Keep An Eye On Your Business

You’ve worked hard to build a business, but you could lose a lot if you don’t protect what you’ve built. Inventory. Proprietary information. Tools and machinery. Raw materials. Company vehicles. Your business probably has numerous assets that need to be watched – 24/7.

Surveillance cameras, properly positioned inside and outside your workplace, are a proactive step to protect business assets from intruders who don’t view you as a business. They view you as a target.

Camera Types 

Basically there are two types of surveillance cameras. Fixed cameras can be placed to cover a broad expanse of space – an employee or customer parking lot, for example.

PTZ surveillance cameras employ small motors to pan, tilt, and zoom using remote controls that can be placed securely within your place of business, or kilometres away, and manipulated by joy stick or computer from these remote sites. PTZ cameras provide more surveillance options for security personnel who maintain corporate campus security.

Whether you choose a fixed or PTZ surveillance camera depends on where the camera will be placed, and the purpose of monitoring traffic at a specific interior or exterior location.

What Is The Purpose Of Each Surveillance Camera? 

Before spending a lot of business capital protecting the company with surveillance cameras, determine where cameras are needed, the type of camera required, and the purpose of each camera.

If the intent of installing fixed surveillance cameras is to capture an overview of a space, a camera must be able to capture images of people and objects at specific points, i.e. entry and exit points, product storage spaces, offices, shipping and receiving departments, and other areas of interest to burglars.

On the other hand, PTZ surveillance cameras may be used to identify people and objects throughout the workplace. In this case, positioning of surveillance cameras should take into account:

  • the required field of view;
  • directional lighting, i.e. sunlight that illuminates the backs of individuals may limit the ability of security personnel to identify faces of people entering the building;
  • distance from subject and camera, i.e. a surveillance camera that’s too far from a subject may not provide the close-up view required to identify individuals, security badges, etc.;
  • the angle of the camera can impact security’s view of individual faces, security tags, and other important information.

Before installation, determine which areas of your business require closed circuit video surveillance cameras. Map out capture points – places where you need “eyes on” at all times. For example, doorways are excellent capture points to monitor traffic flow in and out of the building.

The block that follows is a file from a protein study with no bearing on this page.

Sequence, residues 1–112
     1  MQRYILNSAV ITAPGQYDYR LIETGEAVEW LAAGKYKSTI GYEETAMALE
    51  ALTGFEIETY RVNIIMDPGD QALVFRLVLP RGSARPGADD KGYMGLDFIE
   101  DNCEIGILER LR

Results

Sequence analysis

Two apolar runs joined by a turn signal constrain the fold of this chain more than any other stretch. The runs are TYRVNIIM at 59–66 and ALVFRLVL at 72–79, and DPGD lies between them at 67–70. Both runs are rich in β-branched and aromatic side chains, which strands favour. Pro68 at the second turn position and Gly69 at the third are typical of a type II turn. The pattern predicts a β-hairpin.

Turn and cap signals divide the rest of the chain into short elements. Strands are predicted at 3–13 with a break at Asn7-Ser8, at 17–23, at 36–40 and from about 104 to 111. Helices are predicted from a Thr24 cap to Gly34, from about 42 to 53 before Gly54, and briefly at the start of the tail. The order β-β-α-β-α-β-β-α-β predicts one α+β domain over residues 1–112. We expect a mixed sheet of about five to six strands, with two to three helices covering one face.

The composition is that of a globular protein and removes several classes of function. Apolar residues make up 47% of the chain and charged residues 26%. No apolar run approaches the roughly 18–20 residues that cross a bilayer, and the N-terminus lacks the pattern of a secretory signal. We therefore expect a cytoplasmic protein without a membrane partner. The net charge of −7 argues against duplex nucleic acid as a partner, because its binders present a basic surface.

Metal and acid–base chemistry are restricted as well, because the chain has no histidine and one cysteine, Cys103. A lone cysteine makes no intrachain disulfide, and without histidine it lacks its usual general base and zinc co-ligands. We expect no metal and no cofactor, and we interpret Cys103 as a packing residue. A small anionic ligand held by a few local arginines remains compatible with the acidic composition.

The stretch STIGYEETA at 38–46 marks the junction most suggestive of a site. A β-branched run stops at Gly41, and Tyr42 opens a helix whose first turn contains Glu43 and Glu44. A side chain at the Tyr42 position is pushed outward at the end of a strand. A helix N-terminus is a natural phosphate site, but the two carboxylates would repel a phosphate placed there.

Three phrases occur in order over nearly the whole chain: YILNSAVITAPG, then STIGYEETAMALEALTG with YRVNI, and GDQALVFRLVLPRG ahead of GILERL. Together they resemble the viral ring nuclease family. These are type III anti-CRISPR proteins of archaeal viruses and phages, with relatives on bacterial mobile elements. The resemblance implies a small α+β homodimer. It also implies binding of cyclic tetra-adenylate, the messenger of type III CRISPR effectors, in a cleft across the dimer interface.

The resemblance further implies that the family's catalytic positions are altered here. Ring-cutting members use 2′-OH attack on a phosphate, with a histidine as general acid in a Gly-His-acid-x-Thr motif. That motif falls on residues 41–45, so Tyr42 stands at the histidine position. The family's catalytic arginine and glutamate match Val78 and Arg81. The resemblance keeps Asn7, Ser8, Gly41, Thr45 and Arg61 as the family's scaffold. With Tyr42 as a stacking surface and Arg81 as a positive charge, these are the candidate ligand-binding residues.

Consider the position of the sun throughout the day when placing exterior surveillance cameras. Avoid placing cameras in direct sunlight. Use darker spaces to minimize the impact sun and other lighting has on the usefulness of each camera at different times of the day.

Consider adding exterior lighting in conjunction with surveillance cameras to get a clearer view of all areas being watched. Coupling quality lighting and surveillance cameras creates a more effective barrier from outside intruders seeking entry into your building.

Talk to a CCTV (closed circuit television) professional to determine camera placement both inside and outside your place of business.

Dead Zones

When considering the installation of security cameras, take a walk around your work space to identify dead zones – interior and exterior places that can’t be seen by a surveillance camera. The bad guys look for dead zones when conducting research on how to gain entry into your business. Dark areas are ideal hiding places. Add an unlocked window to that dark, unlit corner and you have a security problem.

Gaining unauthorized or illegal entry becomes much simpler when the burglars are hidden in darkness with an entry point easily available. Your installer or insurance broker may be able to provide help in determining where surveillance is needed. Perform a risk assessment to determine where your business is vulnerable to theft.

Create a map of where cameras will be positioned to deliver the most protection at the lowest cost.

Keeping an eye on your place of business is just plain good business. Surveillance cameras enable a small security staff to oversee the entire corporate campus from a single location, protecting your assets at a lower cost than on-site security personnel.

Contact your Insurance House broker for recommendations on the placement and installation of security cameras to get more security for less.





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